While there has been something of a crescendo as of late with more news than usual leaking out from the Microsoft camp, today’s partner conference kicked it into high gear. There was a string of announcements to usher in the conference, all of which carried household names like Dell, Fujitsu, HP and eBay, making it clear that Microsoft is aiming big as it looks for partners. While it would be a thrill to be a fly on the wall during the financial conversations about these “partnerships” there is, as of now anyway, no information about any of the dollars and cents behind the news.

The two slightly more surprising announcements were from Dell and Fujitsu, both of whom will make solid strategic partners, of course, but in different ways. For instance, Microsoft is working with Dell to deliver cloud-based services for its big name clients whereas its partnership with Fujitsu is much more far-reaching.

The one that we might have seen coming even if it surprised some today, is the partnership with Fujitsu. This bodes particularly well for Microsoft’s desire to maintain a foothold in the Asia and EMEA in general and fits in perfectly with the Japanese company’s goal of expanding its cloud reach. Fujitsu, like Microsoft, has spent considerable ad and marketing dollars making it clear that they plan on being irreplaceable forces in the cloud, but also like Microsoft, the details on how they planned to make it so were sketchy at best. As of yesterday it’s finally clear — partnerships versus being the first, not to mention throwing in a lot of money and new employees to handle the new cloud focus, are the keys to their strategy.

The unofficial word is that Microsoft and Fujitsu have made a preliminary decision to partner for both of their cloud computing goals and will most likely make this announcement official later this week, according to one source. This semi-announcement (it’s not official yet but this is not a surprise) comes directly on the heels of Fujitsu’s president Masami Yamamoto’s statement at the end of last week that the company will be pumping 100 billion yen for this fiscal year into its cloud computing drive — making it the official center of predicted growth of the Japanese firm. In a tip-off about the upcoming news that many predict Yamamoto also said that, “there are two qualifications for companies to be eyed for mergers and acquisitions — one is strong technology and the other is having good customers. In that sense, a software-related firm would be a big target.”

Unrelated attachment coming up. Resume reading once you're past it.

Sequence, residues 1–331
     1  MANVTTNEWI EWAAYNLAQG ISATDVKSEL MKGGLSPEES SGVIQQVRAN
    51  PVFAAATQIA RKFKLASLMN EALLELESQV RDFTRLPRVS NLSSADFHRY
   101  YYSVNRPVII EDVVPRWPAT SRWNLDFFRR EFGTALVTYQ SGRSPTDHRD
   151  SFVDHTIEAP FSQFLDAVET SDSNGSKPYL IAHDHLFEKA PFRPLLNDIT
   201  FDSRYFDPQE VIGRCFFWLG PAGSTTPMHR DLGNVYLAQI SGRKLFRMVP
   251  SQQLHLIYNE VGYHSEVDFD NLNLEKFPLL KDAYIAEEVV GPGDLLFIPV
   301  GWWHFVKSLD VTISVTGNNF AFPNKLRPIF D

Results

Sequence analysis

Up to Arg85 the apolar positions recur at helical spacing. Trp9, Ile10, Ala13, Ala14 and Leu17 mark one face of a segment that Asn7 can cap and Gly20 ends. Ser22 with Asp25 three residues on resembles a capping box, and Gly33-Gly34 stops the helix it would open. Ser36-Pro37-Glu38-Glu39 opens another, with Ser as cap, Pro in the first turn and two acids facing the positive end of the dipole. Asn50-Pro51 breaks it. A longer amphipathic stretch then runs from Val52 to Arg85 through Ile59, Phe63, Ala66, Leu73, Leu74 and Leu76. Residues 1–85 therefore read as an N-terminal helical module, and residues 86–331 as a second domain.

If that wasn’t a clue about who Fujitsu had their eyes on, then I don’t know what is — and it does make perfect sense. This partnership would allow Microsoft to have first stab at Fujitsu’s collection of datacenters and their growing list of customers and Fujitsu would, of course, be set to offer up Azure which, according to the source, would give “Internet-based access to Windows software stored at Fujitsu datacenters.” For its part, Fujitsu is expected to provide cloud platforms at its scattered host of datacenters in markets that have been less cloudy when compared to Microsoft’s home turf, including Australia and Singapore, among others.

Although it’s hard to tell what the rest of the Partner Conference will hold as the week rolls on, this has been something of a coming out party (like in the debutante sense, of course) for Microsoft. Everyone knew that the company wouldn’t be satisfied with just having another cloud offering on par with some of the smaller vendors and it was only a matter of time before they woke up and announced their presence through strategic partnerships — a crucial MO for a company in Microsoft’s position.

Subscribe to HPCwire's Weekly Update!

Be the most informed person in the room! Stay ahead of the tech trends with industy updates delivered to you every week!

Study Identifies Best Practices for Public-Private HPC Engagement

August 22, 2017